What is the secret to outstanding performance?


Have you ever wondered why some of the most talented kids in class didn’t go on to excel in that area later in life? Why some people who seem not to have a discernible talent end up becoming outrageously successful? Of course there are many reasons for this but an interesting area of research worth considering is Angela Duckworth’s work on passion and perseverance in her book Grit’.

We all know of people in our lives who have achieved things out of the ordinary just by sheer determination and perseverance. You’re probably thinking about one of them right now. They’re also scattered throughout history. Those with a steadfast resolve to fulfil their purpose, making an indelible mark on the people around them.


What if I was to tell you that you too have what it takes to achieve even greater things?

Although these concepts are not new, Angela’s research reinforces that aptitude does not guarantee achievement. That talent does not equal destiny. She found that regardless of the area of interest, those who were successful had a ferocious determination and this played out in two ways – (one) these people were unusually resilient and hardworking and (two) they knew deeply and steadfastly what they wanted.


Here are some simple things for you to consider about Grit:

  • no effort = unmet potential. Effort is more important than talent. Without effort, your talent is nothing more than wasted potential
  • effort + talent = skill. With effort and talent comes an opportunity for you to create a new skill
  • effort + skill = achievement. Effort makes skill productive and a productive skill is success

The good news about all of this is that everyone can develop Grit.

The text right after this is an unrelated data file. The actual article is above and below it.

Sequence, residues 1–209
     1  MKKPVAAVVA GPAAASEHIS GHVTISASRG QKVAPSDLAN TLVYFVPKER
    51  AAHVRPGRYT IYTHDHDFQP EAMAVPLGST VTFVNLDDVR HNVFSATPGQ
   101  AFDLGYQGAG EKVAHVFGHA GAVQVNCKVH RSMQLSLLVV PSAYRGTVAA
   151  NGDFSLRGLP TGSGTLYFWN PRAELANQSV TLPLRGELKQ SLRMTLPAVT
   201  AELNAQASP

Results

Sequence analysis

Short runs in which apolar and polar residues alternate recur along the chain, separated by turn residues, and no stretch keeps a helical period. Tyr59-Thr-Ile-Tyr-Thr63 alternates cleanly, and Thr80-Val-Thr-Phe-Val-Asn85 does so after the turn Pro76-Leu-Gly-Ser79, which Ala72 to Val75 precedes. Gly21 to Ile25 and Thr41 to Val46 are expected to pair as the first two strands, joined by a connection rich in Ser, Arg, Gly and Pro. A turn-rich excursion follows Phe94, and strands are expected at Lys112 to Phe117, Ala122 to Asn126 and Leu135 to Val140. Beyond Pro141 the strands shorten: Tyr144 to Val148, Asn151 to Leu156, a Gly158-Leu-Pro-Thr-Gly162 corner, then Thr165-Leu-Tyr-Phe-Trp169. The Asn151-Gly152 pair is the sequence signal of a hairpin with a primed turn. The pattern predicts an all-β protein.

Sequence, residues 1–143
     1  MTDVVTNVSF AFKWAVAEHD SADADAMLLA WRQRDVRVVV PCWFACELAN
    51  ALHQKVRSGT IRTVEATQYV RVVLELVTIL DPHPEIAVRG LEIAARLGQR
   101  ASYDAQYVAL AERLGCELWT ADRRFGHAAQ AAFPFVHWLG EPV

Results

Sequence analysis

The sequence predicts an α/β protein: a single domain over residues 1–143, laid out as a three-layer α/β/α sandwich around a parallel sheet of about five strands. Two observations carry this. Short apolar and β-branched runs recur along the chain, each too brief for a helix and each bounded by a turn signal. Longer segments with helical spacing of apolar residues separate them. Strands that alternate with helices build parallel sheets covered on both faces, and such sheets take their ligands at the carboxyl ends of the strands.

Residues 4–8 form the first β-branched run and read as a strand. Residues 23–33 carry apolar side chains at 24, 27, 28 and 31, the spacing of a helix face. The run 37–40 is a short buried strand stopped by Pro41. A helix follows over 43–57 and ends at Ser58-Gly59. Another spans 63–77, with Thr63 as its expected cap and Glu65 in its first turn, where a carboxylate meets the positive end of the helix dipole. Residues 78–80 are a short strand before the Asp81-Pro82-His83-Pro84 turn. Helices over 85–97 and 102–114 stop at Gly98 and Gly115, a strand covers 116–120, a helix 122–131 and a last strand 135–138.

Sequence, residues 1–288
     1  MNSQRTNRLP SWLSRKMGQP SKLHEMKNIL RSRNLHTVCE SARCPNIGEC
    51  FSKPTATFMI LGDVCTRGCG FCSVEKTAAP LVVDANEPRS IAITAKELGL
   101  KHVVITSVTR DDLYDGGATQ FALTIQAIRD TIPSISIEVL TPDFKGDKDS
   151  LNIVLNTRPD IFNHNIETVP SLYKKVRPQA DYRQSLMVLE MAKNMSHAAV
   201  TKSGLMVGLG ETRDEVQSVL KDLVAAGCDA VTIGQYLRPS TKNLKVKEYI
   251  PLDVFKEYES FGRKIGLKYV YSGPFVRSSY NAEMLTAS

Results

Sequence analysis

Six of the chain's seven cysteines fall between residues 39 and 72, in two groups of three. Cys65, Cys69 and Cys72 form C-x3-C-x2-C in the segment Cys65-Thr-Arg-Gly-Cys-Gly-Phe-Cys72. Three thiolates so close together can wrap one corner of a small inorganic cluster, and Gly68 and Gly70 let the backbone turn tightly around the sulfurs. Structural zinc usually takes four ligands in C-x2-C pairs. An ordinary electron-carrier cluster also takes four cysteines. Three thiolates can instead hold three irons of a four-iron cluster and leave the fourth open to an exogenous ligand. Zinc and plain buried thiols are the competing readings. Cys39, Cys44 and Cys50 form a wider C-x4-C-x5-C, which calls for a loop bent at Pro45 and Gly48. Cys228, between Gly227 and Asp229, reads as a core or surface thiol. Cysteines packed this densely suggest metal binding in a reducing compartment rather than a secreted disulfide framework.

From Angela’s research, there are 4 key areas of focus:



With a playful and inquisitive mind, experiment with things that interest you. Ask yourself – what do I care most about? How do I enjoy spending my time? What could I potentially become passionate about if I tried it? List it and experiment with it. Work on developing it and give yourself time to get good at it.



With deliberate practice, hone your craft until you achieve mastery. Make it challenging. Fail and try again. Commit to an ultimate goal and chunk smaller (temporary & flexible) goals to strive towards it. Keep moving forward with a mindset of growth and positivity.



Think of what you do as something more than just a job. How does what you do deliver value to others? Have a deep consideration for people and use your talent to serve others. Purpose is the ingredient to a fulfilling and meaningful life.



Having hope means having optimism. It’s the inherent belief that your own efforts can improve your own future. When suffering can’t be controlled, it leads to learned helplessness, but, if you change the circumstances and change your perspective, you become more resilient.


This research can have a profound influence on how we:

  • think about our own aspirations;
  • raise our children and the ethos we cultivate in them;
  • attract hard-working people who are committed to achieving a greater purpose; and
  • build a culture that is focused on a sustainable long-term future.

So, could now be the time to consider what your ‘best life’ looks like? If so, why not try new things, surround yourself with positive people who support you, find yourself a coach or mentor, commit to something that challenges you and work in an environment where a higher purpose galvanises the effort of all who work with you?

Oh and yes, read the book!

Andrew Petersen is a facilitator and coach, helping people reach their potential.



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